Finding and stating facts is an act of resistance in the age of Donald Trump. The Trump campaign already had stirred a strong sense that facts were under threat, besieged by a candidate who told untruths in both significant and casual ways, as Daniel Dale of the Toronto Star and others documented and compiled. Since Election Day, the situation has only worsened, as the president-elect’s tweets and statements make clear. Even more is at stake when this man will become the leader of the United States on Jan. 20. So many of us are being assaulted and buffeted by Trump’s statements and tweets that are just plain false or exaggerations.
Still, facts, they say, are stubborn things. In their stubbornness, they form a part of the resilience and the resistance we as people must embrace and act on, if an enlightened democratic republic is to have hope of solving serious problems and meeting challenges. Facts are meant to be shared, too, in ways that will empower citizens to resist. It’s crucial as well when people share real-life experiences that counteract ignorance. We can take specific actions that will strengthen these efforts and, thus, the democracy.
The conflict that arose this past week between long-time U.S. Rep. John Lewis and President-elect Trump epitomizes why it’s crucial in the Donald Trump era to research, find, and confirm facts and to state them boldly. It’s important because Trump inhabits his own reality, and he will soon be taking actions as a president who is misinformed, deliberately misleading, careless, or uncaringly clueless, and captured by that unreality. In an interview with NBC’s Chuck Todd for Meet the Press, taped for the Jan. 15 show, the Democratic congressman from Georgia stated in a calm manner, responding to an interview question, why he believes that Trump is not a “legitimate president” and why he plans to not attend the Jan. 20 Inauguration Day ceremony.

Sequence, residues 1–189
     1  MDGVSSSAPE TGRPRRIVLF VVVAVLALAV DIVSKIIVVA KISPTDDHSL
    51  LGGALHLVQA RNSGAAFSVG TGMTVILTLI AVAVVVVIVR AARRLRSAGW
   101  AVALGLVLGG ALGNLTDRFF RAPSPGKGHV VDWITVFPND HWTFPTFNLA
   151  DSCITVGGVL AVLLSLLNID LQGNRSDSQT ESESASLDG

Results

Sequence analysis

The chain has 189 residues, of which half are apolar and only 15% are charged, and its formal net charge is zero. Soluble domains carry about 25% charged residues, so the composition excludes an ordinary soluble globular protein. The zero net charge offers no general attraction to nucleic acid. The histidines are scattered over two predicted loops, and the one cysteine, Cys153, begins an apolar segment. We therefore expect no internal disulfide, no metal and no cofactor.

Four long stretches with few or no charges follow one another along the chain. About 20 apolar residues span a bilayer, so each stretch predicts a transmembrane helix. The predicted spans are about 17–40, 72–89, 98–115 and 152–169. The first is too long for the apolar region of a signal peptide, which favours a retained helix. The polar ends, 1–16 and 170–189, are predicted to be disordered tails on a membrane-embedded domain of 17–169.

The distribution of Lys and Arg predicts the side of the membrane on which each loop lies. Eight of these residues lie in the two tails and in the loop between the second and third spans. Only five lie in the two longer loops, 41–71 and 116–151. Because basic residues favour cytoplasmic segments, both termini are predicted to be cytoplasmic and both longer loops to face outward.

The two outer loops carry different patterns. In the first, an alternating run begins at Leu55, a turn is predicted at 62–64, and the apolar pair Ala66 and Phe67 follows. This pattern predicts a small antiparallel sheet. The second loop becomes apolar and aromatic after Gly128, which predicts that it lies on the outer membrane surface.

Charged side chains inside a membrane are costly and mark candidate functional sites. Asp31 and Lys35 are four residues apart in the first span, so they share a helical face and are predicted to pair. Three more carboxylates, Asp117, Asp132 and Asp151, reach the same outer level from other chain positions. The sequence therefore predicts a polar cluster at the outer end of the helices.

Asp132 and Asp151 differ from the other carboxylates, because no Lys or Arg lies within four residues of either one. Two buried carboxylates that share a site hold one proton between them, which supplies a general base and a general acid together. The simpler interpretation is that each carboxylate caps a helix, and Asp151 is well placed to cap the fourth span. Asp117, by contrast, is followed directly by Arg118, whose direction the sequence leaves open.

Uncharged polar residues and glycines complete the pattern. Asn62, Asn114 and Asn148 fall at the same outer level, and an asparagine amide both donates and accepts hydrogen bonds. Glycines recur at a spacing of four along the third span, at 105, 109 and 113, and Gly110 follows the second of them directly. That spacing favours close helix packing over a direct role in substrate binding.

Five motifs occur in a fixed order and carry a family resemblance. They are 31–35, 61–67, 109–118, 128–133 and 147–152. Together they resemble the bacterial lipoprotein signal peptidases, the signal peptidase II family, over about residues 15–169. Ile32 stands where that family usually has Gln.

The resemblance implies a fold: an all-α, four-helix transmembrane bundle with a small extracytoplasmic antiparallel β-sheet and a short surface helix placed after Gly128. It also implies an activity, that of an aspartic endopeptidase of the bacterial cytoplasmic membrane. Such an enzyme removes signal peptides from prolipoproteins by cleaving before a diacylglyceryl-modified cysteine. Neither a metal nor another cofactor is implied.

As he has done before, Trump displayed little concern for the storm he would stir up in the way he responded. Lewis is a man whom many in our society revere, a leader who was one of the keynote speakers with Martin Luther King, Jr., at the 1963 March on Washington, whom troopers beat and bloodied at Selma in the 1965 Voting Rights March, and who persisted in nonviolent resistance in the civil rights movement despite dozens of arrests and various physical attacks, as this PBS biography notes. He has been a champion of human rights, health care, and gun control, leading a sit-in on the floor of the House to call attention to the Congress’ inaction on guns. [Read more →]